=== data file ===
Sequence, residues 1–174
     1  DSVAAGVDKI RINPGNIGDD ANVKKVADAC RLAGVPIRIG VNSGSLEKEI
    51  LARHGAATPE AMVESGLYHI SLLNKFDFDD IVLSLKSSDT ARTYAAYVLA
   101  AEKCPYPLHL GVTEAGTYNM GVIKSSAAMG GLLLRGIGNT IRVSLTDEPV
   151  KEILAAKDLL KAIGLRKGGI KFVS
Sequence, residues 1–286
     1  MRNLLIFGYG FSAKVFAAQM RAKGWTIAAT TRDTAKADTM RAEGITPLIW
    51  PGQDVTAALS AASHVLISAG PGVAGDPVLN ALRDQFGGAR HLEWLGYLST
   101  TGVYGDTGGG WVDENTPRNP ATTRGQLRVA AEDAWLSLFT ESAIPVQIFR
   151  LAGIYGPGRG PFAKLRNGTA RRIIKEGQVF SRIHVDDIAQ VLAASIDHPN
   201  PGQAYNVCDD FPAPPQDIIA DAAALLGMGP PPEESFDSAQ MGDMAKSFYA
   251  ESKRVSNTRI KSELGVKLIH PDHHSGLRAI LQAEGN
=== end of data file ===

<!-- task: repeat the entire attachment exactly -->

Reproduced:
Sequence, residues 1–174
     1  DSVAAGVDKI RINPGNIGDD ANVKKVADAC RLAGVPIRIG VNSGSLEKEI
    51  LARHGAATPE AMVESGLYHI SLLNKFDFDD IVLSLKSSDT ARTYAAYVLA
   101  AEKCPYPLHL GVTEAGTYNM GVIKSSAAMG GLLLRGIGNT IRVSLTDEPV
   151  KEILAAKDLL KAIGLRKGGI KFVS
Sequence, residues 1–286
     1  MRNLLIFGYG FSAKVFAAQM RAKGWTIAAT TRDTAKADTM RAEGITPLIW
    51  PGQDVTAALS AASHVLISAG PGVAGDPVLN ALRDQFGGAR HLEWLGYLST
   101  TGVYGDTGGG WVDENTPRNP ATTRGQLRVA AEDAWLSLFT ESAIPVQIFR
   151  LAGIYGPGRG PFAKLRNGTA RRIIKEGQVF SRIHVDDIAQ VLAASIDHPN
   201  PGQAYNVCDD FPAPPQDIIA DAAALLGMGP PPEESFDSAQ MGDMAKSFYA
   251  ESKRVSNTRI KSELGVKLIH PDHHSGLRAI LQAEGN